“In Year One it's hard with games like this, you take a lot of punches and it's hard to respond,” said Russo, in his second year at the helm. “When you’ve won a bunch and take some punches, you’re confident in your coaches and that you can counter. Our kids feel like we can counter.”
Let’s not jump on the Paladins bandwagon just yet, even though it is the first time the football team has had a winning record since they started 3-0 in 2019. The defense was both good and bad, but Russo’s point about being a long way from home facing adversity and overcoming it is a good start.
Cleveland Heights (1-1) was good, but it remains to be seen if the Paladins can compete against their Big Six rivals just yet.
DuPont had a monster game with 20 carries for 194 yards and two touchdowns on the ground. He also caught two passes for 66 yards and a score.
Massey led all receivers with eight catches for 193 yards and a touchdown.
Cleveland Heights star running back Marquise Davis had 201 yards on 15 carries.
Between the pick six and the onside kick, Cleveland Heights only ran 15 offensive plays in the second half.
“We fought through adversity, we are here to let the Big North know we are back for sure,” Massey said.
Paramus Catholic hosts Hudson Catholic in their home opener Friday, Sept. 1. Cleveland Heights is at Hudson (Ohio) on Friday.
Barnes & Noble has found a new home in Paramus to replace the popular store it will be closing this month after almost 30 years.The bookseller announced Tuesday that it will be moving into the space currently occupied by Big Lots! at 634 Route 17 north. The spot, formerly home to a Toys R Us, is a little over a mile down the h...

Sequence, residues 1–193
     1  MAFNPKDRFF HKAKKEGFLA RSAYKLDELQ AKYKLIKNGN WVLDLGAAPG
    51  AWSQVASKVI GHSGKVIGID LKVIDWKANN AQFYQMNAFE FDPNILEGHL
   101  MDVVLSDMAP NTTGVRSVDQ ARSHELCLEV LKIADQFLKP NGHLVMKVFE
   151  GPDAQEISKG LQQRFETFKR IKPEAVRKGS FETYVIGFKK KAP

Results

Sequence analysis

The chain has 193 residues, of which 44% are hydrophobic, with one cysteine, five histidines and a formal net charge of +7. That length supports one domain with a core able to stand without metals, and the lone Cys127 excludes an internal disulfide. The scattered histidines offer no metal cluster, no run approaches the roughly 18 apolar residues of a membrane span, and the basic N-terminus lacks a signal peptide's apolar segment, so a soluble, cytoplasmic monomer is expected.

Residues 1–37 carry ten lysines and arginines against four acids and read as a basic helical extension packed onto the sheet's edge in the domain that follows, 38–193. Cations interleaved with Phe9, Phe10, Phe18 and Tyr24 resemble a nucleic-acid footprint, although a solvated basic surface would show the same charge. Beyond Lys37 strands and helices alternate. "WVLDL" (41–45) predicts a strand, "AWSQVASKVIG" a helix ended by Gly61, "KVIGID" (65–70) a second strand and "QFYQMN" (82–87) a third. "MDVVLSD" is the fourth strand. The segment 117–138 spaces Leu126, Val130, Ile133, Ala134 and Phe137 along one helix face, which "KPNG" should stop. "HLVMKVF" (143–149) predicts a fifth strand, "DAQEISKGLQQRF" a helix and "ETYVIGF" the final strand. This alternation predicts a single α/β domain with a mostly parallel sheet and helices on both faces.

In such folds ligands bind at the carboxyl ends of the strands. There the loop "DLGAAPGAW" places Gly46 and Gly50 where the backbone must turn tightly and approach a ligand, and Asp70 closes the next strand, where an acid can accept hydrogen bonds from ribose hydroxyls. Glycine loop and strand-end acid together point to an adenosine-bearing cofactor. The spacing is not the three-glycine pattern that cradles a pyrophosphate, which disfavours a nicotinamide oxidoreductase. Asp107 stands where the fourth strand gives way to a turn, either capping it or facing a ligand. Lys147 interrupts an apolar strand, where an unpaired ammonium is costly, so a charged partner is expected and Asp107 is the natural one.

Barnes & Noble has found a new home in Paramus to replace the popular store it will be closing this month after almost 30 years.
The bookseller announced Tuesday that it will be moving into the space currently occupied by Big Lots! at 634 Route 17 north. The spot, formerly home to a Toys R Us, is a little over a mile down the highway from the bookstore's current location at 765 Route 17 south.
“While we are sad to leave this location, we are excited for our next chapter!” the chain announced in a brief Facebook post Tuesday morning. “Please follow us and we will see you at the new store's opening!”
The post didn't mention any timing for the opening, and a company spokesperson didn't immediately respond to a message Tuesday.
The chain will close its current Paramus store, which it's operated since 1995, on March 18. The nonprofit New Concepts for Living will take over the location, with what it says will be a state-of-the-art "achievement center” for adults with disabilities. The center will eventually serve 200 clients.
Since announcing the closure, Barnes & Noble has offered massive sales at its popular Paramus site, including 50% off all books, 40% off all magazines and 75% off all toys, games, gifts and book annex products. The last day for the store café will be this Saturday.
The Paramus site is no longer accepting used book donations.
Barnes & Noble previously said its landlord was not renewing the company's lease on Route 17. New Concepts for Living is expecting a fall opening for its center, which it says will be “significantly larger" than its current operation in Rochelle Park.
Stephanie Noda is a local reporter for NorthJersey.com. For unlimited access to the most important news from your local community, please subscribe or activate your digital account today.